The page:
What Questions Are Not Being Asked That Should Be?

34 Replies

I'm new to real estate investing. Just closed on my first SFR, and would like to learn more about financing options. Nothing specific at the moment, but planning to refinance in 6 months time and will talk to lenders then about my options. Will also do my research and follow BP in the mean time, and of course, any wisdom would be nice! 😊

Will REI save me from a bad marriage, bad money behaviors, a job I hate, and my child support payments to three baby mommas for the four kids I fathered because my daddy wasn't around to teach me to put a cap on it?

Originally posted by @Jonathan R McLaughlin:

@Joe Splitrock

“What type of buyer is going to buy this from me and why?”

So many posts and questions about the beginning, so few about the exit.

Great question to be asking. You always want to think about the exit strategy and I would argue two different exit strategies:

1. What is my long term goal and exit.

2. What is my shorter term exit strategy if something goes wrong or I need to get out for any variety of life reasons.

Originally posted by @Chris Clothier:

@Joe Splitrock,

I think many investors on BP are passive in some capacity.  They may also actively invest as well, but many have passive investments. Whether an investment includes the word Turnkey or not, I think the biggest question investors fail to consider is "how do the numbers I see on paper actually come to fruition?".  Heck, this probably involves a lot of active investors as well!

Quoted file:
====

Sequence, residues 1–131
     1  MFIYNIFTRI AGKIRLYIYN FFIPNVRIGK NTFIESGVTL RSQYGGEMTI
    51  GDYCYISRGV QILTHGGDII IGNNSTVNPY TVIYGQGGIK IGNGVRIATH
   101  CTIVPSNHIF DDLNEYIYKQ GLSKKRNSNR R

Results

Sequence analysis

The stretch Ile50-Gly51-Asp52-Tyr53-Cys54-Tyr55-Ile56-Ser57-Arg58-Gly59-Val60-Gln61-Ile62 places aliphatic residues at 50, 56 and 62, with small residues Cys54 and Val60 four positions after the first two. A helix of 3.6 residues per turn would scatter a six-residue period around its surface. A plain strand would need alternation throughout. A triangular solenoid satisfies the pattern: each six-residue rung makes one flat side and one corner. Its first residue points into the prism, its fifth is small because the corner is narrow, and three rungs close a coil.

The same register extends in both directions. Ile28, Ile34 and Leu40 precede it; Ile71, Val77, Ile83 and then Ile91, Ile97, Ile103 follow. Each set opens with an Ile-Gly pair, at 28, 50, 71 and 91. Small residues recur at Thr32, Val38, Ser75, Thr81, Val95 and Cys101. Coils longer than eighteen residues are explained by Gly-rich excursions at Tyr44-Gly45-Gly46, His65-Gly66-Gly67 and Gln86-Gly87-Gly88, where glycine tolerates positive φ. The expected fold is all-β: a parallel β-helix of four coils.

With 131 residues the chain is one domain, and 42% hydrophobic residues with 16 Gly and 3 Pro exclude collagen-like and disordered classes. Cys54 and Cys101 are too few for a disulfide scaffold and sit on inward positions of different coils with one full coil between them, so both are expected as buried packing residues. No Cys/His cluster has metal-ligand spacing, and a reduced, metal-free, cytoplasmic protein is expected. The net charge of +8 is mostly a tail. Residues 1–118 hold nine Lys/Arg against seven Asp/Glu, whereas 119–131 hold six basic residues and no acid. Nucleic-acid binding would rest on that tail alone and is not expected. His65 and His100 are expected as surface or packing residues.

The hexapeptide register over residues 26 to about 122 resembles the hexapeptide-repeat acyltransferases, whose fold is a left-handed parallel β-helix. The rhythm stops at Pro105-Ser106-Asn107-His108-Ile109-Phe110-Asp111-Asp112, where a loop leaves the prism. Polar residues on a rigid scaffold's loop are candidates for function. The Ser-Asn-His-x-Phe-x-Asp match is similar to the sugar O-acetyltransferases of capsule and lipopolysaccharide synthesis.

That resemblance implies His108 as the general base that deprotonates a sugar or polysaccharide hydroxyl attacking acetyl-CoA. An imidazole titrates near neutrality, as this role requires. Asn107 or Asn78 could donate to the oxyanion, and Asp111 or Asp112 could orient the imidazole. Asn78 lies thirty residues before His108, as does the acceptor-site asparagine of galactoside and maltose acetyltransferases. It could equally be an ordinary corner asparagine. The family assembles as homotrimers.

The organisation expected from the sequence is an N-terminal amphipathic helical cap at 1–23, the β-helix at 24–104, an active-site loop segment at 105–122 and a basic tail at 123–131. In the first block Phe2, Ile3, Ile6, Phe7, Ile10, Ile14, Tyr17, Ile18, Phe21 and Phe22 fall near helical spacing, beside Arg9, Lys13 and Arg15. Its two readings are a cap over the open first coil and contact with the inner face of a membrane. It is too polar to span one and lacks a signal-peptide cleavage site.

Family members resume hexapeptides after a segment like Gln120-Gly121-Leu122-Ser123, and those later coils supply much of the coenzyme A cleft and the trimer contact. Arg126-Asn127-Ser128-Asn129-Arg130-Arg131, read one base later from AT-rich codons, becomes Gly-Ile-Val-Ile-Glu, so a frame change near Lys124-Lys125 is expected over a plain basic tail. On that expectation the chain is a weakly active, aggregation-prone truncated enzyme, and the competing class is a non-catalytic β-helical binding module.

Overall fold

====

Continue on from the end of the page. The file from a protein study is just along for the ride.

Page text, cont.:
When we ask this question, it should lead us to ask a whole lot of other questions about all of the moving parts of an investment.  Such as, "what impact does the scope of my renovation have on my final outcome?".  "Can I charge a higher rent for a more thorough renovation?".  "Will a better renovation attract a longer-term resident and therefore save on my vacancy costs over time?".

I think investors always default to the averages instead of asking why and how.

In my experience, it is the investors and the properties that "save" on renovation and management costs that actually make up the upper half of the average and it is the investors and properties that invest on the front end that actually make up the lower have of the averages.

Knowing how you are actually going to reach the number on the piece of paper you use to run your calculations is much more important that plugging in what makes you feel comfortable.  Knowing how those numbers are achieved to begin with will give an investor a major leg up in this business.

I think some people get a deal analyzer, and either use "default" values or plug in high numbers, figuring it is better to estimate high. Having actually run my business, I have seen how the real world performance measures up. For me, vacancy is near 0%, but that is totally due to how I manage. We place back to back tenants, which can be very difficult and risky. Some properties had better updates over time, better renovations or just better bones. That makes a huge difference on short term CAPEX expense. That being said, CAPEX is happening every day in every property. Even a brand new HVAC system is losing 1/20th of its life every year. Knowing when to sell a property is also important. You may know that major updates are on the horizon in the next five years, so selling now may be better than sinking in all the money. That depends on market. If you put a new roof on for $8000, it doesn't necessarily increase value by $8000.

Originally posted by @Jessie Kristie: